Investigations have shown that the care of children with injuries is better in a trauma center whether a general or children's hospital. The trauma center requires adequate infrastructure and trained personnel in pediatric emergency medicine, pediatric specialists, surgical specialists, and pediatric anesthesiologists, among others. It is important to note that special knowledge and skills are required to perform an accurate assessment of a child with acute injury. Children with serious damage or injury may be stable at first, which may lead providers to underestimate or ignore the seriousness of their condition upon arrival at the hospital. The general management of these children involves a pediatric assessment triangle (PAT) (first impression), primary ABCDE survey (Airway, Breathing and ventilation, Circulation, Disability, and Exposure), secondary survey (vital signs, focused history and detailed physical examination), and ongoing assessment (tertiary survey).7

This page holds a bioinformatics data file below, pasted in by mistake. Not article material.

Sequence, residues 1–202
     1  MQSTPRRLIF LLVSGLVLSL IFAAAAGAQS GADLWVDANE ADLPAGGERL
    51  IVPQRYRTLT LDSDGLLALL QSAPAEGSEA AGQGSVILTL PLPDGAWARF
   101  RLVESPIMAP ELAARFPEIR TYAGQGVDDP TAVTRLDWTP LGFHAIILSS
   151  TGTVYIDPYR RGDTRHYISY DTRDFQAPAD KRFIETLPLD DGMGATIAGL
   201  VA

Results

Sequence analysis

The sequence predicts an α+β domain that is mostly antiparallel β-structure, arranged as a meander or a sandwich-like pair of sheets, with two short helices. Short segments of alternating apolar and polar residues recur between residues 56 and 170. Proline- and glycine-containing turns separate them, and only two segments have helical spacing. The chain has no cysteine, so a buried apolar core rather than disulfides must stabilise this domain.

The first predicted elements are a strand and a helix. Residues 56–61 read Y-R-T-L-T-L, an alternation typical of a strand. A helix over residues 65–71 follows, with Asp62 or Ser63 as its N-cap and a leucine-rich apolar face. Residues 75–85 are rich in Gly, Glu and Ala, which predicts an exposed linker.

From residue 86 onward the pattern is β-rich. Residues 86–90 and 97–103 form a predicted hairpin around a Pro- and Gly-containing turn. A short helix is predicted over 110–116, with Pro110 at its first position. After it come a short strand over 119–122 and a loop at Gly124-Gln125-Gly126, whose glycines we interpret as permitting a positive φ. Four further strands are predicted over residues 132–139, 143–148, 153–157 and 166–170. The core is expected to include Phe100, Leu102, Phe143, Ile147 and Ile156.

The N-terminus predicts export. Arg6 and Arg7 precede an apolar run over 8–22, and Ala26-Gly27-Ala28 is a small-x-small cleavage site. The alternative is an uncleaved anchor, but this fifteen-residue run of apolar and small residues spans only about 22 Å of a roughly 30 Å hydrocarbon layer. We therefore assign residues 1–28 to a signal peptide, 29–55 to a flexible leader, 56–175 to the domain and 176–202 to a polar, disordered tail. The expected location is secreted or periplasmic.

In this sense, the template called the Pediatric Assessment Triangle (PAT) should be used for the evaluation of all children (Figure 1). The PAT is fast, simple, reproducible and useful for children of all ages, with all levels of disease and injury severity. For the critically ill or injured child, the determination of the primary physiological problem may be difficult or impossible since inadequate oxygenation may result in cardiopulmonary failure. The PAT brings together three key features of the overall pediatric cardiopulmonary assessment that are more accurate for initial evaluation than traditional vital signs: 1) appearance 2) work of breathing and, 3) circulation to the skin. It is based mainly upon astute, directed observation, and does not require a stethoscope, blood pressure cuff, cardiac monitor, pulse oximeter, or any other equipment or test. Because it entails simply observing a properly exposed child, the PAT can be completed in seconds. The main points to evaluate are: Appearance (tone, interactivity, speech/cry, consolability, and look/gaze); Work of breathing (abnormal breath sounds, abnormal positioning, retractions, and flaring); and Circulation (pallor, mottling, cyanosis, and bleeding). 8